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The brave doctor who performed an abortion in Texas is being sued by a disbarred lawyer serving jail time
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This past weekend, San Antonio OB/GYN Dr. Alan Braid wrote an op-ed in the Washington Post admitting that he violated the newly instated Texas abortion law, a.k.a SB8, saying that he "acted out of duty of care to my patient, as I do for all patients, and because she has a fundamental right to to receive this care."

It's already bogus that the new state ban allows a mere six weeks for a woman to terminate her pregnancy. But let's put aside the whole human rights aspect for a moment. After all, Texas certainly has. What's even more ridiculous, and a legal logistical nightmare to boot, is that under this new law, any person (yes, even those not in any way affected by or connected to the abortion itself), can file a lawsuit and potentially "earn" up to $10,000. Meanwhile the provider-slash-defendant will have to shell out court costs, and receive no compensation, even if they win the case.

So...it's no wonder that the not so virtuous vultures started hovering immediately after Dr. Braid's article.


Just yesterday, NBC News reported that former lawyer Oscar Stilley, who is currently finishing out a sentence for fraud AND tax evasion in home confinement, filed a lawsuit against Braid. Not for the minimum $10,000 either, but for a whopping $100,000.

Dr. Braid is currently being sued by someone out of state, from home imprisonment, who's a convicted felon...yet we're to believe Braid is the bad guy here?

Mind you, this disbarred lawyer isn't even morally opposed to the Texas ban. He told CNN in a phone interview, "I am a supporter of the Constitution, and I am opposed to the law." He even went on to praise Dr. Baird, saying, "I think the doctor has guts and he has principle," and then reveals the true reasons for filing, saying "I decided that I would be the one to get some clarity on this law." The Hill quoted him in an interview with the Washington Post expanding upon this. The self described "Pro-choice Plaintiff" asked, "if the law is no good, why should we have to go through a long, drawn-out process to find out if it's garbage?"

So hey, maybe this whole thing is Stilley's version of a self-serving legal stunt, or maybe Stilley is something of a devil's advocate here. Considering that in the same interview he also said, "If the state of Texas decided it's going to give a $10,000 bounty, why shouldn't I get that 10,000 bounty?," I tend to think the former. But if it's the latter, I will be sending a thank-you note to Stilley's living room jail cell myself.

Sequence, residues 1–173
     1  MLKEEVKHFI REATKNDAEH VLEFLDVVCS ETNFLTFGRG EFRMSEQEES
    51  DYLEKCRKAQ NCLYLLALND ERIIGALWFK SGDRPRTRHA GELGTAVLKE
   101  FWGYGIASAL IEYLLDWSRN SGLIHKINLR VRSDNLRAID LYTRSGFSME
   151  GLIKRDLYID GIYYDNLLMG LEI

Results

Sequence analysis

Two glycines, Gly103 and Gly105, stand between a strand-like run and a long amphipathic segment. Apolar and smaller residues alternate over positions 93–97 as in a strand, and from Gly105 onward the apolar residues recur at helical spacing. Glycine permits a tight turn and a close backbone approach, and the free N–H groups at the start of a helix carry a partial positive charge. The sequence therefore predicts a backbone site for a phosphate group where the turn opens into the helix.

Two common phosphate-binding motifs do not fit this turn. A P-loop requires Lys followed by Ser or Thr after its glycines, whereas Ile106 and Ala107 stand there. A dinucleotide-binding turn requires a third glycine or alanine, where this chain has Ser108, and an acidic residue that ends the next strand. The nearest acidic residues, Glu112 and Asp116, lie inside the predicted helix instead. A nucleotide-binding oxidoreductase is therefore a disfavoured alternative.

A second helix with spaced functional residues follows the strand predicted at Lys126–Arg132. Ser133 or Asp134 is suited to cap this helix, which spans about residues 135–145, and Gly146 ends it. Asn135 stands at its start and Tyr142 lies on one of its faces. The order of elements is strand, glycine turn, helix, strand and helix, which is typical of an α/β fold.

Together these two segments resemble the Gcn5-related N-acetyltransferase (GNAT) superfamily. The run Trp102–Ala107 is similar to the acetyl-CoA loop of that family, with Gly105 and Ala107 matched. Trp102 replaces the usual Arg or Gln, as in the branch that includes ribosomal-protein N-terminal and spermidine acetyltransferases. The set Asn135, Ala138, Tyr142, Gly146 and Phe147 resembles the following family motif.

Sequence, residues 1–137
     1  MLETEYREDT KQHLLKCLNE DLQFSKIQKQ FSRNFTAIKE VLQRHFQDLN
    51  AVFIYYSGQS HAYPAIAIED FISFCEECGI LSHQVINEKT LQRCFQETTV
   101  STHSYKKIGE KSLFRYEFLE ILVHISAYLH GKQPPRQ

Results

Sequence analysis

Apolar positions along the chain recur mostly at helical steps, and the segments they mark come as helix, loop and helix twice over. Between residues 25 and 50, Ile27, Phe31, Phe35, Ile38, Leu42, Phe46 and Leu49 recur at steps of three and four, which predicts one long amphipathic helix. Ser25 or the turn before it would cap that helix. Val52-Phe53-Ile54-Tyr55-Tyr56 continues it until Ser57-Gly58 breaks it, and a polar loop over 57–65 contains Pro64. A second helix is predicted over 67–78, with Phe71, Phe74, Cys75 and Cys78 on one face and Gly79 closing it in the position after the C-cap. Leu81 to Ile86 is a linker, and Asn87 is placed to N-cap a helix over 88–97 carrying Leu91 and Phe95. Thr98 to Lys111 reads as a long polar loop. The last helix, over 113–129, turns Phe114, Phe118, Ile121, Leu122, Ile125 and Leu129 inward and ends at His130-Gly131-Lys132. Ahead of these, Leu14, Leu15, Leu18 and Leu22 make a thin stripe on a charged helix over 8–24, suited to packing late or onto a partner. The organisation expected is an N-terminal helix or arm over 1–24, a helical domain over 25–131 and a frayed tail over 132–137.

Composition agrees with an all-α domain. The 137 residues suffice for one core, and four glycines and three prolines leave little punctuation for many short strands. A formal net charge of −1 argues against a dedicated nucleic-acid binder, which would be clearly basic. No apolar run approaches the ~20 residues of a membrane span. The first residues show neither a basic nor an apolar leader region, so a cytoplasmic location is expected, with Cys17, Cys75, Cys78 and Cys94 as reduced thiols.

This news does raise concern, considering that there is no limit to the amount of copy cat cases that could follow after Stilley.

CNN legal analyst Steve Vladeck states, "nothing that happens in this case can prevent future lawsuits from being brought -- that's the whole point of transferring enforcement authority from a single state to a limitless class of potential private plaintiffs." Texas attorney Adriana Piñon also told CNN, "The way the bill is structured incentivizes vigilante lawsuits that will harass abortion providers and those who support providing abortions in Texas."

With abortion providers already turning patients away, and lawsuits like Stilly's beginning to take place, it might feel like defeat. But the good news is that at the very least, Stilley's case might instigate a second thought about the validity of letting anyone file a lawsuit against providers. Do we really want to clog up an already congested courts system with wannabe bounty hunters? Or worse, people who just want to make a (not so) quick buck?

And luckily, Dr. Braid is not fighting this battle alone.

Upon news of the lawsuit, The Center for Reproductive Rights, issued a pledge of defense, it's CEO stating "Dr. Braid has courageously stood up against this blatantly unconstitutional law. We stand ready to defend him against the vigilante lawsuits that S.B. 8 threatens to unleash against those providing or supporting access to constitutionally protected abortion care."

The statement goes on to say "For more than two weeks this unconscionable law has been in effect, harming numerous Texans, and falling hardest on those struggling to make ends meet and people of color, who already face barriers to health care. It's past time for a court to step in and block it."

And let's not forget the Tik tok activists who flooded the "Pro Life Whistleblower" website with false reports, a brilliant idea created by Sean Black, otherwise known as@black_madness21.


@black_madness21##stitch with @victoriahammett I'll see if I can add some multithreading to speed up this process
♬ original sound - Sean Black


This could all aid The Department of Justice in its effort to sue the state of Texas, one argument being that "those precedents hold, in the words of Planned Parenthood v. Casey, that 'regardless of whether exceptions are made for particular circumstances, a state may not prohibit any woman from making the ultimate decision to terminate her pregnancy before viability.' "

Amidst the fear, emotional turbulence, and a blatant disregard for constitutional rights, one thing remains true: individual acts of integrity collectively create lasting change. This fight is far from over.

I think that the efforts made by Dr. Braid are not only commendable, but will ultimately be effective. As a woman, a proponent for reproductive rights, and a former Texan who has benefited from abortion, I commend Dr. Baird on his bravery (apparently the plaintiff does too). I hope it serves as a catalyst to stop this utterly unfounded and downright barbaric backtracking that Braid himself described as "1972 all over again".

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